Meet Amanda Howlett, a 22-year-old Master’s of Science in General Psychology candidate who recently received her acceptance into the program at Pittsburg State University in Pittsburg, Kansas. After months of application perfecting and meeting with mentors to stay motivated, Amanda is now making plans to move 1,000-miles away from home to start her new life.
I caught up with Amanda over e-mail to chat about her experiences with applying to graduate school. Read our interview below:
1. Why did you decide to apply for graduate school?
I really wanted to have a future in psychology and really wanted the opportunity to work with people, hands on. I know there are jobs that you can get with your bachelors degree doing that, but to be honest, none of them really struck my interest. A lot of them involve you being an assistant, or working relief work, which is great for getting started, but for someone who wants a family someday, working relief work (and terrible shifts), was not something I was feeling. When I learned grad school was the only way that I could get to where I wanted to go, the choices available to me were: Apply or don’t get to where you want to be.
2. What was the hardest part about the application process?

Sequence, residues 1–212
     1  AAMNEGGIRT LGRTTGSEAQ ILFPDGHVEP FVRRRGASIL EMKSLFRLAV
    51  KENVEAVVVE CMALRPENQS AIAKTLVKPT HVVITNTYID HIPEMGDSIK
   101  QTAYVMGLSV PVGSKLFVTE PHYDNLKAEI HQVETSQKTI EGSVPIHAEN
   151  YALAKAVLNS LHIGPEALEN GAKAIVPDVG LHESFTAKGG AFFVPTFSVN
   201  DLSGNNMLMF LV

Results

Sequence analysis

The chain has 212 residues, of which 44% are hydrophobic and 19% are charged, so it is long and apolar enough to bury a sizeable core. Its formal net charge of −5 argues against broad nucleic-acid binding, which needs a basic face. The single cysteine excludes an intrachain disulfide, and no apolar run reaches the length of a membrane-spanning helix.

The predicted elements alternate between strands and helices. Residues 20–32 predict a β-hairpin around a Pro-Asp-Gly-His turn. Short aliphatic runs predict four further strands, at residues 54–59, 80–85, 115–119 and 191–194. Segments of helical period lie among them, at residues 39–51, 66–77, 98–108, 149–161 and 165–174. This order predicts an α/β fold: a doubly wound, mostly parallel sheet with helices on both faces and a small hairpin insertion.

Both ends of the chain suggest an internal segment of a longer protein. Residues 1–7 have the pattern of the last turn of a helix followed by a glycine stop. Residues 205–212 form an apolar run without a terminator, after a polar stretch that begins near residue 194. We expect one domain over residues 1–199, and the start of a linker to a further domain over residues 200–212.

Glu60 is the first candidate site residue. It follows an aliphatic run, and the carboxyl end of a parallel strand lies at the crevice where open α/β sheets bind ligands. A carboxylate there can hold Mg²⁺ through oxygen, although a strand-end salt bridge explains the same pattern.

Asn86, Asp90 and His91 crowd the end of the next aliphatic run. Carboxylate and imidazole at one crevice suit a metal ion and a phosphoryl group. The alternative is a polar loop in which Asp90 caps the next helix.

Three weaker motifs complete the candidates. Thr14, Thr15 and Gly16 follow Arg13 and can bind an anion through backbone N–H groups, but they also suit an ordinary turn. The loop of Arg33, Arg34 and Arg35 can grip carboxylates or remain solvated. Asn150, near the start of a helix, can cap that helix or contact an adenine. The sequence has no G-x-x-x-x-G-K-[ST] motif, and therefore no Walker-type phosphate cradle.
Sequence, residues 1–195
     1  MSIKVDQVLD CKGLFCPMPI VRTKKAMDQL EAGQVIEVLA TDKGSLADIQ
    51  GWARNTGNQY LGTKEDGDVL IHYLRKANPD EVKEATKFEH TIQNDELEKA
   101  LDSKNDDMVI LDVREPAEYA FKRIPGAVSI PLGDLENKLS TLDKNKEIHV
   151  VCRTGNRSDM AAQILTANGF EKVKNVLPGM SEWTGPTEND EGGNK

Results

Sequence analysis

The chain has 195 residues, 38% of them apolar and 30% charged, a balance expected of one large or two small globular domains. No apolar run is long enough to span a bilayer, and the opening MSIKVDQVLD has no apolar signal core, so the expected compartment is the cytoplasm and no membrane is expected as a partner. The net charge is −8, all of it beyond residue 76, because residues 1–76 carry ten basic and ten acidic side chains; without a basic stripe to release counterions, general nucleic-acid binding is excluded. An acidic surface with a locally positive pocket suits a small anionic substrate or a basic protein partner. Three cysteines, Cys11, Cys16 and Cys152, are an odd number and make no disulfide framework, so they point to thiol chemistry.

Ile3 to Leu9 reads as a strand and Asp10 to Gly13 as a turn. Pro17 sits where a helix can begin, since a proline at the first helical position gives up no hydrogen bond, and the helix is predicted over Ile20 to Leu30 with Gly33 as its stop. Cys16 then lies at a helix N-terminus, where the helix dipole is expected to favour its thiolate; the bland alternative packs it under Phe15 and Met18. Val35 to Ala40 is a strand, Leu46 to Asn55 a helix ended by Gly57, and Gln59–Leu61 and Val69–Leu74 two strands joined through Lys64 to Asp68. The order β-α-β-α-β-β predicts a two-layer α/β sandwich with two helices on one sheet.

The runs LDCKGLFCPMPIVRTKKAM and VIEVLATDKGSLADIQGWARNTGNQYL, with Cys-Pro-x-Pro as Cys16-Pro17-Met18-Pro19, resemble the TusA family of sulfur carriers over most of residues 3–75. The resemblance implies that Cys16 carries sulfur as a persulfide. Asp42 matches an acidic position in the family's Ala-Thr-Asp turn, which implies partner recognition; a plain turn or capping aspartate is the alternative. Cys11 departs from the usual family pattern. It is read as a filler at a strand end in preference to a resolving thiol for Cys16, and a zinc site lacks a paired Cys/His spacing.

Waiting for a response. You kind of develop an obsession with checking your email and logging into every grad school account that you have to see if there are any updates. Some schools have you waiting four months for an answer. It feels like your entire life revolves around hearing back from these schools. You don’t want to start applying for full-time jobs because what if you hear something? Yet, you don’t want to wait in case you end up with nothing come September. The worst part is, there’s nothing to speed up this process. You just have to sit tight with your fingers and toes crossed, hoping you’ll hear back, one way or another, soon.
3. How many schools did you apply to? Where were they located? Did you receive any rejection letters and if so, what went through your head when you got the notice that you were not admitted to any specific school or program?